Plainclothes officers of the New York Police Department’s Street Crime Unit fire 41 shots at unarmed Amadou Diallo, an immigrant from Guinea, killing him on the steps of his apartment building shortly after midnight on February 4, 1999. Diallo’s killing sparked a public outcry and eventually resulted in the shuttering of the SCU, but the four officers who shot him were found not guilty of his murder.
Officers Sean Carroll, Edward McMellon, Kenneth Boss and Richard Murphy were all members of the SCU, a special plainclothes unit of the NYPD that had earned plaudits from others in law enforcement. At the time of the shooting, the SCU was already involved in controversy: in January, two SCU officers had fired eight shots at Russell “Ol’ Dirty Bastard” Jones of the Wu Tang Clan, falsely accusing him of having fired at them when it was later revealed he had been holding a cell phone, not a gun.
The Diallo incident was similar: as he stood on the stoop of his building in the Bronx, the four officers mistakenly identified Diallo as a suspect—they claimed to have confused him for a serial rapist, but at other times suggested they had identified him as a mugger or drug dealer. Whatever their reasoning, the officers, who were dressed as civilians, shouted at Diallo to show his hands. Diallo apparently reached into his pocket instead, pulling out his wallet as he attempted to run for the safety of his building. Carroll shouted to his fellow officers that Diallo had a gun. The officers later stated that they warned Diallo before opening fire on him; however, a witness testified that they did not give warning before firing at him 41 times, and that many of the shots were fired after he had already fallen to the ground. 19 shots hit Diallo, who died within minutes.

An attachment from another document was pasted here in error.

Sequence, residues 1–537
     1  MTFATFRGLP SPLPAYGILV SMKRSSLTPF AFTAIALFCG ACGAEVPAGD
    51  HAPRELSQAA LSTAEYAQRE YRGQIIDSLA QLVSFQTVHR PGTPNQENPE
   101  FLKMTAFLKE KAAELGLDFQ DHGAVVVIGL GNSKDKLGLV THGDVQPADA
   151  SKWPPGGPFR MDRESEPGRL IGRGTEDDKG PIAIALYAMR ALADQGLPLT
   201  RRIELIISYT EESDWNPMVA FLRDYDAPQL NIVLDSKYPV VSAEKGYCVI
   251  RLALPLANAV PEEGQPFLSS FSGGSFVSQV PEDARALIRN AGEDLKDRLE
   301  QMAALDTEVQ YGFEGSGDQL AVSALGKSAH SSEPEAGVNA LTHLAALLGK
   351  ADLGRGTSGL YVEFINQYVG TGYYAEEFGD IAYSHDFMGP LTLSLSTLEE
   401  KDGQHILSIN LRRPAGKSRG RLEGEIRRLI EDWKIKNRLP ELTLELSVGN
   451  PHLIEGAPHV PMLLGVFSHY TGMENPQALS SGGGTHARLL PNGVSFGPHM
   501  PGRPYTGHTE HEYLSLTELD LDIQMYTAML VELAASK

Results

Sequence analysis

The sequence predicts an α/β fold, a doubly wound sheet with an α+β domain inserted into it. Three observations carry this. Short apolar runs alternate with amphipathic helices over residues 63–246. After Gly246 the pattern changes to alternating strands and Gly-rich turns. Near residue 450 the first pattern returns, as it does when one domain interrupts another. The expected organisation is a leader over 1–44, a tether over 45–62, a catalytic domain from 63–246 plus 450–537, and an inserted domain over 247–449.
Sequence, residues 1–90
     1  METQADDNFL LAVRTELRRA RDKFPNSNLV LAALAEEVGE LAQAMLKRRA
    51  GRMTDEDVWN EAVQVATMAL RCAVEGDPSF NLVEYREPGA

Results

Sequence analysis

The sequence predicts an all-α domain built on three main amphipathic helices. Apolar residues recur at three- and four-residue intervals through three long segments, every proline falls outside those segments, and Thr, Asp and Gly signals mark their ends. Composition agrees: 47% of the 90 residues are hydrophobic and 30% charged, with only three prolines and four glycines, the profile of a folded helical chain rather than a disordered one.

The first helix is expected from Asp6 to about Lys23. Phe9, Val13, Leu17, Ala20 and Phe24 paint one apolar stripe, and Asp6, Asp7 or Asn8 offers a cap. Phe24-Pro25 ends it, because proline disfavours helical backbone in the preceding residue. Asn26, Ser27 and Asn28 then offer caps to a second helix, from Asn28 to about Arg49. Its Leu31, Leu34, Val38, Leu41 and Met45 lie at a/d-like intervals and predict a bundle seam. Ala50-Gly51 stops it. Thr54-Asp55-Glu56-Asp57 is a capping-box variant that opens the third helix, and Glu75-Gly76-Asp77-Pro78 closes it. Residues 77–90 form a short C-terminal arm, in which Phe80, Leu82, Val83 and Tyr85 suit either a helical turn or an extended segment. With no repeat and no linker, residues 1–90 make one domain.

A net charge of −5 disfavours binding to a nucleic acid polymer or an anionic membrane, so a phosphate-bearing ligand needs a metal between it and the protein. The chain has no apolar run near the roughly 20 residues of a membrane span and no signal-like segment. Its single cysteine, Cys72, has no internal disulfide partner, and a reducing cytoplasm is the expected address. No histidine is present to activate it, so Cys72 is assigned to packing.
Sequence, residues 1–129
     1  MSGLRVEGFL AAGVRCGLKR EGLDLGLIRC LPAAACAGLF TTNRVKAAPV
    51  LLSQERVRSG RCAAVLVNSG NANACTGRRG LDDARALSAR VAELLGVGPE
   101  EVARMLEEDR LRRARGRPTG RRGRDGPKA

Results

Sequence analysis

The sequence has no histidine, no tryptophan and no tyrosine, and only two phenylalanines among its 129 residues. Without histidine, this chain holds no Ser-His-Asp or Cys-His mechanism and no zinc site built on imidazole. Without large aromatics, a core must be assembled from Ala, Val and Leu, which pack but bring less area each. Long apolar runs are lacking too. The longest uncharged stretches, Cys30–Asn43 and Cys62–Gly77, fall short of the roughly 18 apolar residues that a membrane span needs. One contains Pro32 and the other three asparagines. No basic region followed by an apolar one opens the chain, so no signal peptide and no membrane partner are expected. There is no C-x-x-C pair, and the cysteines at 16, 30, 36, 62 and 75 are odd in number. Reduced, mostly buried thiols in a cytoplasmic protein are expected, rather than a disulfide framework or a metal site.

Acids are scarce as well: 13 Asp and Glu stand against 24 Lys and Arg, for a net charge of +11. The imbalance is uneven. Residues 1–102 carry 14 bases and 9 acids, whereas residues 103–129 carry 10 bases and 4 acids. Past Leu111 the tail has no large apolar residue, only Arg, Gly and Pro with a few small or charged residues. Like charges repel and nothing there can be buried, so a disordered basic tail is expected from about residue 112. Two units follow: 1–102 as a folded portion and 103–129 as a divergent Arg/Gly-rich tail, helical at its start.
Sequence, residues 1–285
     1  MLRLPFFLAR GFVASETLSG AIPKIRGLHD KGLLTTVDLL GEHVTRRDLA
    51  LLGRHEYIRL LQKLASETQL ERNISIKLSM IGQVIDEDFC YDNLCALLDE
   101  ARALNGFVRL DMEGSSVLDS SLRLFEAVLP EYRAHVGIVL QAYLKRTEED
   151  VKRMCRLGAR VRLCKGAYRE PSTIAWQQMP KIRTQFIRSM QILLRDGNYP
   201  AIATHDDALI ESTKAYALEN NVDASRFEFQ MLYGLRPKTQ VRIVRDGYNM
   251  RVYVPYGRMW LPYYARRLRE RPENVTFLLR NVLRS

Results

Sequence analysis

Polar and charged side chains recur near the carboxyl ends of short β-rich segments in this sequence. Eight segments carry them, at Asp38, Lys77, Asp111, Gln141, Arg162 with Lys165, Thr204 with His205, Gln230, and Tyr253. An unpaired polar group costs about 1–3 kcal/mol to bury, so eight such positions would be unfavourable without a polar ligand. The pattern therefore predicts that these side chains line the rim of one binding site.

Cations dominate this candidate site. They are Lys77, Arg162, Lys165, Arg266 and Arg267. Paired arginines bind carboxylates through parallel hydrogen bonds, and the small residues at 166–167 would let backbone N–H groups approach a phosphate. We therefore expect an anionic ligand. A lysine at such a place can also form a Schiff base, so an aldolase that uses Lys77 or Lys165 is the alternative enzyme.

The killing incensed much of the public, to the extent that the officer’s trial for reckless endangerment and second-degree murder was moved to Albany. On February 25, 2000, the jury found the four officers not guilty of all charges. Diallo’s father, Saikou Diallo, called the verdict “the second killing” of his son, while former New York City Mayor David Dinkins warned “This will send the wrong message to those members of the Street Crime Unit who walk around saying, ‘We own the night.’” The killing did lead to an investigation of the SCU and its subsequent disbandment. Diallo’s family filled a civil wrongful death suit against the city and eventually received $3 million.
Diallo’s killing has inspired and been referenced in works by a number of musicians and artists, including Public Enemy, Wyclef Jean, Bruce Springsteen and the Strokes. All four officers remained with the NYPD. Boss, who had previously shot another Black suspect dead in 1997, was promoted to sergeant in 2015.